In preparation for playing Chain of Command by Two Fat Lardies I have built a small collection of terrain items to use as Jump Off Points which these rules require.
I had already purchased 60mm MDF circles from Martin at Warbases in anticipation of this little diversion from re-organising the hut and painting my Britons for Dux Britanniarum.
I used a few plastic oil drums I had rummaged for in the bits box.
This one used a stack of oil drums cast in resin I picked up at a railway modelling show and a couple of pebbles from my garden.
This is also resin, a one piece casting. I cannot remember where I got it!
A minimalist form of plastic oil drums. I'm hoping to find a nice small bush or tree to add to this one.
This is the First Aid shelter from the Italeri Battlefield Buildings box although I have not used the red cross decal. I don't think the medics would operate this close to the front line so they have scuttled away taking their flag with them.
The chair is from the Perry North American Building kit and the barrel is by Renedra.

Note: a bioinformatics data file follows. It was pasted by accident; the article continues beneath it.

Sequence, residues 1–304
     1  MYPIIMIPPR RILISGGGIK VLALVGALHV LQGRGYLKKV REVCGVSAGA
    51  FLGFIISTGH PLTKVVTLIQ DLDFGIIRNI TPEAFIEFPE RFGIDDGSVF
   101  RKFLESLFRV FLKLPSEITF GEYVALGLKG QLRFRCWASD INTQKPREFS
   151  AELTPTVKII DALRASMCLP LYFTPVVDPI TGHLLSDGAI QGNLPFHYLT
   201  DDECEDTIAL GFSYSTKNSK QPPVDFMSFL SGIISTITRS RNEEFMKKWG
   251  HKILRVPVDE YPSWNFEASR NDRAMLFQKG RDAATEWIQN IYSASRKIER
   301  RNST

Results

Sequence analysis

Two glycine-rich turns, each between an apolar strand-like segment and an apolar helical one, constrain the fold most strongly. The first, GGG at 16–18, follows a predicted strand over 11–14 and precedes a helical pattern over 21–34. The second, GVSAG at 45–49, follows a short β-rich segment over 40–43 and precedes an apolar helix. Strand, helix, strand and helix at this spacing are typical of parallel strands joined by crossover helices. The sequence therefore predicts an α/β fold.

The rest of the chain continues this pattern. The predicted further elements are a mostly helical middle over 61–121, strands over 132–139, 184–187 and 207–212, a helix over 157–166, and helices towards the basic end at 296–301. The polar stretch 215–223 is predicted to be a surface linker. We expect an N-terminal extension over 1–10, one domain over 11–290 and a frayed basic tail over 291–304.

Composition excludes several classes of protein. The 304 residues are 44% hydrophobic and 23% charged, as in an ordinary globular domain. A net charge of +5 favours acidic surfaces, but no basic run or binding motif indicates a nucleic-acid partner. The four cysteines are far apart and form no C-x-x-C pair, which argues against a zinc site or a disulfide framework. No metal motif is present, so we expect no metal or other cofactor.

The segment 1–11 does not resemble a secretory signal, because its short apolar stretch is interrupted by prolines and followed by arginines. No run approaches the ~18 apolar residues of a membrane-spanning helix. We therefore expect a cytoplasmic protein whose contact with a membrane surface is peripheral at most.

Plastic sand bags and ammo boxes from the Italeri Battlefield Buildings set.
An angular pebble from my garden picketed by a bit of plastic fence.
Yes, I had two of the one piece resin castings.
The terrain is household wall filler and the static grass is Noch Flock (Spring Meadow) purchased from Kallistra.
Very nice bit of modelling Jim!ReplyDelete
Thank you Sir!Delete
The fenced pebble ended up looking like what the Scots call a standing stone. Great!ReplyDelete
Standing stones are fairly common in many parts of the UK and also Normandy and other parts of northern France. There are probably a dozen or more within 30 minutes drive of where I live.Delete
Great modelling Jim.ReplyDelete
I was interested in a comment you left at David's blog re using the 19th century rules with the Crimean Collection you look after.I hope we see them in action soon.
Thanks Alan, hope you are keeping better.Delete
I am no great modeller but apparently better at modelling than playing.
The Crimeans will appear in due course.
Very smart indeed. I love the ancient monument in particular!!!ReplyDelete
I can bring you one for yourself and trade it to you for a beer at Crisis :)
(Unpainted of course)
A beautiful work of modelism!ReplyDelete
They are but simple modelling tasks.Delete
I leave the difficult modelling tasks to those with younger eyes!